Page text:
The men and women of Congress showed off their cooking skills in an annual casserole contest hosted by Al Franken in Minnesota. The Duluth News Tribute reports that the event is “designed to promote Minnesota cuisine and nonpartisan cooperation.” Congratulations to Tim Walz, who won the competition with a delicious-sounding and artery-clogging tater tot, cheese, beer and brat dish.
I’m all for promoting nonpartisan cooperation, but it seems like there are many, many problems with this scenario. First: Why aren’t you guys doing your jobs? Last time I checked, there are some problems that are kind of pressing right now, including a crazed North Korean dictator and a budget deficit that rises every second. Last time I checked, you were elected to try to negotiate laws that affect millions of Americans. And you are having a cooking contest? On a workday? And we’re — I’m — paying for this? We’re paying your salary so that you can have a party? Millions of us, the people you swore to serve, are having increased money taken out of our paychecks for this?
Second: Nonpartisan cooperation in cooking doesn’t count. It doesn’t solve the issues that gridlock Congress, and so doesn’t actually address the problem. I understand the benefits of building camaraderie, but when we are dealing with a budget crisis like the one we are dealing with now, becoming friends with your colleagues doesn’t matter to me, representatives. What I care about is that I and millions of Americans are living under the poverty line, that we can’t find jobs, and that North Korea has effectively declared war on our allies, and that every minute you take out of your day to have a cook off is one minute that you are not working to find solutions to these problems.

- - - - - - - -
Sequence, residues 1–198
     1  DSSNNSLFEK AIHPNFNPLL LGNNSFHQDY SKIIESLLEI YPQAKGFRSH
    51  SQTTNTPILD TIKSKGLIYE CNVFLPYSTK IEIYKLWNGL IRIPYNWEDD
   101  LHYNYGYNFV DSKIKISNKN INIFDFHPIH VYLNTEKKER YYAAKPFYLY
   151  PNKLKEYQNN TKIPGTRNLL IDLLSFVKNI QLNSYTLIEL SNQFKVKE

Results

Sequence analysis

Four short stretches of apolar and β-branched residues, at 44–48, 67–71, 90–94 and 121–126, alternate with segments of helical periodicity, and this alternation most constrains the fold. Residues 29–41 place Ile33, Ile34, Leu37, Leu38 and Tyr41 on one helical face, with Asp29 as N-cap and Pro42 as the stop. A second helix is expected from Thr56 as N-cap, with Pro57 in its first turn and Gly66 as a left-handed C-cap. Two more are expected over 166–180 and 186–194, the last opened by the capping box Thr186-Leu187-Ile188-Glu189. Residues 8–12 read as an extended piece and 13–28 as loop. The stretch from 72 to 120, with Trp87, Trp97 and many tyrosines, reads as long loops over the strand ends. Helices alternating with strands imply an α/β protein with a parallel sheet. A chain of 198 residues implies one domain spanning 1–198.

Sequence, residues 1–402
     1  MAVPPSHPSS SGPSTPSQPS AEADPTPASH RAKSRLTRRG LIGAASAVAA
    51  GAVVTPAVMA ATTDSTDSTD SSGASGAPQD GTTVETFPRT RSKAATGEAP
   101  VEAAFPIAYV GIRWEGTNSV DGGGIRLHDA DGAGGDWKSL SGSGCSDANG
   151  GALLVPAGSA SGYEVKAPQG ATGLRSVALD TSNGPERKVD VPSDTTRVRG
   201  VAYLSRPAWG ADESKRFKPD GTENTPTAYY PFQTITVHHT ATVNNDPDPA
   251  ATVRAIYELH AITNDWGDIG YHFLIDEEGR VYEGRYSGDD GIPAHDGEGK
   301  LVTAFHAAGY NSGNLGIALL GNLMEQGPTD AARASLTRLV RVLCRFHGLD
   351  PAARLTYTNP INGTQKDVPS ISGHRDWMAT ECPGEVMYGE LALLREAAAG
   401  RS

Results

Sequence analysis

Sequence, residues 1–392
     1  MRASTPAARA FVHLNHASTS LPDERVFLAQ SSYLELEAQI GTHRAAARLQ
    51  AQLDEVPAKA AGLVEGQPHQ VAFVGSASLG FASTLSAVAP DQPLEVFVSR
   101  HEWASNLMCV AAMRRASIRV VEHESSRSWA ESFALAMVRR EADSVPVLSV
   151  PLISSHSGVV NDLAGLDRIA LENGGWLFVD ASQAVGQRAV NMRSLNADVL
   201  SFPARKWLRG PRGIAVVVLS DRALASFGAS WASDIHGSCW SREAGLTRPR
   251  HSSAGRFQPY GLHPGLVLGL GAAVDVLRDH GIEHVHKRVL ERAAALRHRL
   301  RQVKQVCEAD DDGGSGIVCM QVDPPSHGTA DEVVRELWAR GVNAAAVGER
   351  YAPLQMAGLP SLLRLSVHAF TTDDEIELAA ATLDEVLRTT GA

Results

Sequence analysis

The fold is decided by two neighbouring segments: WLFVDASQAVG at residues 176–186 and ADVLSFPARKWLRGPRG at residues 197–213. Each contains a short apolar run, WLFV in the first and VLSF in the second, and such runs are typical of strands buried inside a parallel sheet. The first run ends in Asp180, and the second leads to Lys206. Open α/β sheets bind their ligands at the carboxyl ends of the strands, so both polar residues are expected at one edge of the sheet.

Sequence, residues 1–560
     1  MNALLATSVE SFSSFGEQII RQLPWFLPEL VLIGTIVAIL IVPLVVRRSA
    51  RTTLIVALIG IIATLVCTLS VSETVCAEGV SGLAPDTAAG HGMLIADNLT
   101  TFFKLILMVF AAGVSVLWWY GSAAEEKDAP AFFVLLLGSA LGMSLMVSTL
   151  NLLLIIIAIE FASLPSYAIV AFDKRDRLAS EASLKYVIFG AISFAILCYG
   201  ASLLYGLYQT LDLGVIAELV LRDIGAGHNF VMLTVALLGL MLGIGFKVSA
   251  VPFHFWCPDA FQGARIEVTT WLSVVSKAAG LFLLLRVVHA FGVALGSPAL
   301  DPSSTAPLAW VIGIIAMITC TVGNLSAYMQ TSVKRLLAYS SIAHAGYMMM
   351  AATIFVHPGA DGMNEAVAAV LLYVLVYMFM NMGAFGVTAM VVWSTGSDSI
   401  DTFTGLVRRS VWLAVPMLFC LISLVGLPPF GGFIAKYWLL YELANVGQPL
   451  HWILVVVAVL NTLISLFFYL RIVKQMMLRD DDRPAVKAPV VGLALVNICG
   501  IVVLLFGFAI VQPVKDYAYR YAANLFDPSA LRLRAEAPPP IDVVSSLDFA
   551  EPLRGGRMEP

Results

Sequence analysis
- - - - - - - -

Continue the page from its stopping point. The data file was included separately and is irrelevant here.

Third: With the current obesity crisis, is a showcase of casseroles really wise? Wouldn’t a showcase of healthier food be more apropos and helpful to addressing this medical issue? The blatant disregard for healthier food choices emphasizes just how removed our leaders are from the issues that the rest of us are facing. We are told that obesity is a crisis that affects all of us, because it requires an already-overburdened healthcare system to address issues that might have been avoided with wiser personal choices. But our representatives don’t have to worry about the healthcare system, because their healthcare will never look like ours. They will never have to operate in the same system as their constituents. They will always receive the best care, the best treatments, and the best doctor-patient experiences.
This cooking contest only serves to further highlight the disparity between our elected leaders and average people like me. There are very few of us whose jobs allow us to take time to have a cooking contest. At what job, in what universe would this be allowed? Not surprisingly, in the U.S. Congress.
It’s really no wonder that people are fed up with their representatives. What an extraordinarily disappointing show of priorities from Congress.
Laura Creel (@Little_Utopia) is the managing editor of Little Utopia.
Previously from Laura Creel:
♦ ‘Ware the Monkey!
♦ St. Augustine’s Scrumptious Stuffed Cabbage
♦ Endless Highway: An Interview with Kelley McRae
♦ Morning Radio Surprisingly Insightful in Wake of Mike Rice Scandal
♦ Remembering Trololos